This is the draft of the edit I wrote for EPW published in the 18-24 April, 2009 edition.
[Uttar Pradesh as a bellwether province in the Indian general elections; then and now.]
For many elections after independence, Uttar Pradesh (UP) remained central to the formation of any government at the Centre. It was, and remains, the largest contributor of parliamentarians to the Lok Sabha. UP’s centrality to Indian politics also derived from the fact that it played the role of a political bellwether in the first nine elections. The party which won UP formed the government at the Centre. But it was not merely an electoral bellwether but also was the arena where the strategy of social coalitions forming a majority under the Congress umbrella was built and worked out. The ability of the Congress in welding and managing an electorally successful social alliance of Brahmins, Dalits and Muslims has been much commented upon as has been the gradual withering away of this bloc with the emergence of caste and religion based politics.
With the decline of the Congress’ social alliance, also declined UP’s role as political bellwether of national electoral contests. On the debris of the Congress’ social alliance emerged two different forms of political forces. On the one hand were the caste-community based political parties – the Samajwadi Party (SP) and its earlier version, the Janata Dal, and the Bahujan Samaj Party (BSP), and on the other was the religion defined BJP.
The SP represented the interests of that peasantry which had benefitted from the abolition of zamindari (large landed estates) but still felt their social progress hindered due to lack of education, political power and ritual status. This section is popularly referred to as the other backward classes (OBC) and the yadavs formed the dominant group within them. The SP managed to weld a political alliance of the yadavs with the muslims which, though smaller than the earlier Congress social alliance, became a powerful political force in the fragmented stage of post-Mandal UP.
The BSP consolidated the Dalit vote under its banner. Even though there was one attempt by the SP and BSP (representing broadly the shudra and dalit castes respectively) in the mid 1990s, to come together in a political alliance, it was a disaster. While the social groups represented by these parties were all struggling for similar demands, the distinctions between their class and social backgrounds proved insurmountable. The rich peasant base of the SP, while ritually below the upper castes and struggling for a foothold in the urban networks of power and privilege, were – crucially – outside the stigma of untouchability. The dalits, on the other hand, were largely left out of landed property and remained severely discriminated and marginalised. But, unlike the OBC caste-communities, some dalits had managed to use reservations to breach the barricades to Government service, and thus power. Given the impossibility of further radical land reforms, it proved impossible for these two socially discriminated groups to ally politically with each other as they were fighting for a share of the same pie.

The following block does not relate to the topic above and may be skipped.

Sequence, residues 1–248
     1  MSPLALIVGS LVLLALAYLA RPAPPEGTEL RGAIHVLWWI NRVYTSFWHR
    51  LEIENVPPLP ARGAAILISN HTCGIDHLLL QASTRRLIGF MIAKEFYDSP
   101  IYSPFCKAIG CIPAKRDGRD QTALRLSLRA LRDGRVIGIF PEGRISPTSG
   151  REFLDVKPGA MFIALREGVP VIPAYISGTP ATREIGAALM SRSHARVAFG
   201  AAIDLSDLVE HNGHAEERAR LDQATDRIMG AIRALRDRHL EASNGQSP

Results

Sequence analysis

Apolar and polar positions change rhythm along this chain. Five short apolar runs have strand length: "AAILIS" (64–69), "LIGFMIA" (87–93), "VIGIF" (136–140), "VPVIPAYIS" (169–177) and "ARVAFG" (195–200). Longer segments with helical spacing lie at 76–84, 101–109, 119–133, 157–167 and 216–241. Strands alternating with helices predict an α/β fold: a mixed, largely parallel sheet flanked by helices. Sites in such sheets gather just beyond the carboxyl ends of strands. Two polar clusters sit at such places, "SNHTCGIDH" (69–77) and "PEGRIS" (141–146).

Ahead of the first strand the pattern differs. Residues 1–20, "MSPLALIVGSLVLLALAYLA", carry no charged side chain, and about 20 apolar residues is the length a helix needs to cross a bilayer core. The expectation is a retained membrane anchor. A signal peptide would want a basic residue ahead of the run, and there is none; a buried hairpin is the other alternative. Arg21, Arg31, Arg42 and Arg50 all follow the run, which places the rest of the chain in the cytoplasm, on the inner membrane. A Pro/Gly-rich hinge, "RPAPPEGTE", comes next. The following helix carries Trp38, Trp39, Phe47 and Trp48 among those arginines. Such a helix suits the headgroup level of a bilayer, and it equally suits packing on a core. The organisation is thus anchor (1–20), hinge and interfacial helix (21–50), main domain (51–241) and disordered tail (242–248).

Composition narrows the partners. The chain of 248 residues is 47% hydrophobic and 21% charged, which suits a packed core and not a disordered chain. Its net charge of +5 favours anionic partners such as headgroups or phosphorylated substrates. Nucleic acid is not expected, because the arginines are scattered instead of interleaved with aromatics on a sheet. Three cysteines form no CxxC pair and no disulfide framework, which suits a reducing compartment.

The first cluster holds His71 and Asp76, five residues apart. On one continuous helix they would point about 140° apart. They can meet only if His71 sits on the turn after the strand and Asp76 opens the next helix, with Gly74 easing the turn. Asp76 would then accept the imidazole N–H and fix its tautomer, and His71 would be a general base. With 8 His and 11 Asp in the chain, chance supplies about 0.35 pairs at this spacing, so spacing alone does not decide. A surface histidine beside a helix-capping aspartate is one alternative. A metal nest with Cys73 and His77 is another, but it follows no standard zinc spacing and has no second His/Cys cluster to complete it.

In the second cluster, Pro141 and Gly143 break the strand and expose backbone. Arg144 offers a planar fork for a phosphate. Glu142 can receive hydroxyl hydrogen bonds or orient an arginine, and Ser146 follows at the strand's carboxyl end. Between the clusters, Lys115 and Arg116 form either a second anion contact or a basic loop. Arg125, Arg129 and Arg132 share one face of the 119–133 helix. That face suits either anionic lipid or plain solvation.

The Bharatiya Janata Party (BJP), in contrast, tried to weld a dominant political constituency around a radical-right Hindutva agenda. Their core support came from the two upper castes of brahmins and rajputs. The upper castes seemed to find refuge and defence against the assertive lower castes in the BJP, but could never attract a sufficiently large OBC or dalit bloc to augment their position and thus found themselves inadequate without political allies. They did try to revive the old Congress alliance, sans muslims, by propping the BSP up and making Mayawati the chief minister twice. This too proved unworkable since the dalits, unlike in the earlier decades, were not anymore willing to be passive recipients of patronage.
The BSP and its leader Mayawati learnt the, seemingly, correct lessons from the fragmentation of the 1990s. She had already consolidated the dalit vote into a formidable bloc as the BSP and had learnt to leverage it for political positions. She now worked to build bridges with the brahmin voters and also bring the muslims closer to the BSP. It was a mirror of the old Congress social alliance, but now under the leadership of the dalits. This strategy was a winner in the UP legislative assembly elections in the summer of 2007, when the BSP rode on a dalit, brahmin, muslim consolidation to become the first party in many years to get a simple majority.
But social prejudice and contempt for the supposedly untouchable dalits remains strong, specially among the upper castes. The immediate reason for the brahmins coming to the dalit dominated BSP in 2007 – the need to defeat the SP and the political challenge of the OBCS – no longer remains a pressing issue. Further, the strong anti-incumbency against SP too is not a factor anymore, rather Mayawati could herself be the target of some incipient anti-incumbency feelings. This parliamentary election is therefore a litmus test for Mayawati’s new political alliance. If the upper castes remain largely with the BSP under dalit leadership, it could signal the birth of a new dominant power group in UP politics. It would also have wider implications for politics and social life in India as the willingness of the upper castes to continue in a political alliance dominated by dalits could indicate a weakening of the caste prejudice among the former. In that sense, the results from UP could again be a bellwether in this election and, will therefore, be eagerly awaited.
~~ ~~ ~~